Rub the rim of four high ball glasses with calamondin juice (or use fresh lime), and dip in kosher salt. Fill glasses to the top with ice and divide margarita among the glasses.

Serve immediately.

Spicy Citrus Cocktail Salt

I strongly believe that a solid 25% of what makes a cocktail memorable is the addition of some kind of fun garnish. Whether it's candied bacon in a Bloody Mary, homemade pickled onions in a Gibson, or a spicy citrus salt coating the frosty glass on your margarita, it's those little finishing touches that can take a drink from good to great.

12 Tips for Shopping at the Farmers' Market

I admit that during the chilly months, I'm not very good about visiting the farmers' market. In fact, I pretty much avoid it, opting to order local seasonal produce and dairy at Whole Foods or, better yet, the convenience of Fresh Direct, which delivers it all right to my door on those freezing winter mornings.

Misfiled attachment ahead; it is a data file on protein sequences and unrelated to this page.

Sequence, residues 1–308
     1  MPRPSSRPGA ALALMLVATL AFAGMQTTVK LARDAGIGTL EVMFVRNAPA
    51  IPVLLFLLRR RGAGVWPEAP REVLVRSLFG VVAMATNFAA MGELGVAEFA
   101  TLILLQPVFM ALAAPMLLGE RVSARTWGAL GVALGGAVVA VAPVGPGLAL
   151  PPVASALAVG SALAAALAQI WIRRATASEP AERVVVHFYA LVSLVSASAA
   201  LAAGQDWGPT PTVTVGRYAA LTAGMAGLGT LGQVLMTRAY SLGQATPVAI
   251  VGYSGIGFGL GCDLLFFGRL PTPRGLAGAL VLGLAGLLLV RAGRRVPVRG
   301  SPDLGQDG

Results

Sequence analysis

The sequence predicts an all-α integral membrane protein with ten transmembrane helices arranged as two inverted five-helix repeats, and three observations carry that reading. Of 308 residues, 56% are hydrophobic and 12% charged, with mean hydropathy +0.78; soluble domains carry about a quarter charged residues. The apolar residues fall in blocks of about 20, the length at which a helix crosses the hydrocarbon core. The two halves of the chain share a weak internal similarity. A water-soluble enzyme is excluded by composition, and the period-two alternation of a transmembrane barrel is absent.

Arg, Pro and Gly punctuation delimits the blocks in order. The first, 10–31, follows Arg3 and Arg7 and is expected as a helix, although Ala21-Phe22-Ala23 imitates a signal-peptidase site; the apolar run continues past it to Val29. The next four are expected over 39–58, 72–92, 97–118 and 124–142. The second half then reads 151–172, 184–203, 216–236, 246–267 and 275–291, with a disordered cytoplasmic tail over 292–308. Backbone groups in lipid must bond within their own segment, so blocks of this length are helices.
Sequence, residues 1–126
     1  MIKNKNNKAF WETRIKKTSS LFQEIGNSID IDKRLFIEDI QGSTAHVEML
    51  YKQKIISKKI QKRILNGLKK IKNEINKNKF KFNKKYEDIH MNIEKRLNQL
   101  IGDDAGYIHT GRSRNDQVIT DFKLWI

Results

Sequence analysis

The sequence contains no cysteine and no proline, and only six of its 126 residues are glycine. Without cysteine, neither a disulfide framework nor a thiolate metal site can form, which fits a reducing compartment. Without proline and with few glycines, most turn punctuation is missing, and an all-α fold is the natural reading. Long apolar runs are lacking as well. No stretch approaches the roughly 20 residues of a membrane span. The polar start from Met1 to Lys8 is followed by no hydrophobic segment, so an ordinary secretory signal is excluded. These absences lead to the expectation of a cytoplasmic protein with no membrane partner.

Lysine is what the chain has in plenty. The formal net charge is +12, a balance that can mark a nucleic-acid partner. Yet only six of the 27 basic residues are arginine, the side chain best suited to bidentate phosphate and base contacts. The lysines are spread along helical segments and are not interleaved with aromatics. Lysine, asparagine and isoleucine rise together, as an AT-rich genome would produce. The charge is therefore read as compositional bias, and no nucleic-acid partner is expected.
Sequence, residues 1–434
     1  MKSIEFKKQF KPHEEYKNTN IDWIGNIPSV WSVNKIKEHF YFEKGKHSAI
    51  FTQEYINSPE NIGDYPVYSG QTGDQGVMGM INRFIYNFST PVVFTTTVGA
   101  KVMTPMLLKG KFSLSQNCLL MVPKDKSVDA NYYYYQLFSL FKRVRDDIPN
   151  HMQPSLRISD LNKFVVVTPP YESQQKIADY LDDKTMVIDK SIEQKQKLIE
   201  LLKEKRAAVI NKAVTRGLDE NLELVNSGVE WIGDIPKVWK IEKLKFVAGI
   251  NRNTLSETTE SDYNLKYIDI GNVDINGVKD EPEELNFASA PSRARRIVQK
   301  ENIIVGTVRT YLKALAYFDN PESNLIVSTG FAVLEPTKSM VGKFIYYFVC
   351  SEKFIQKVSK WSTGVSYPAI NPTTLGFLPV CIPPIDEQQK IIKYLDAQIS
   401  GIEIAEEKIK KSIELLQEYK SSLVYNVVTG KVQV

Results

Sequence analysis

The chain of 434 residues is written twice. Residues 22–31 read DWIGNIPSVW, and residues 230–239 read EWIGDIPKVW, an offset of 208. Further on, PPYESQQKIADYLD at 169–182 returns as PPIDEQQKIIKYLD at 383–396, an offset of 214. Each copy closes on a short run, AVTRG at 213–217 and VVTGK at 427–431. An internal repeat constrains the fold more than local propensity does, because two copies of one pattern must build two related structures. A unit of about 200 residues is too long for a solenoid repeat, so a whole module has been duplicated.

But now that warmer days are starting to arrive, I'm getting that itch to head back down to the market where I can pick out the things I want to eat with my hands, and not just my keyboard.  Here are some of my fave tips for making the most of your trip!

1. Arrive as near to opening time as possible in order to get your pick of the best ingredients. Unlike grocery stores, which have huge supplies that are replenished throughout the day, farmer's markets only have limited supplies and the good stuff goes early. (Many things like berries, pastured eggs, baked goods, etc., will also often sell out throughout the day so you could miss out.)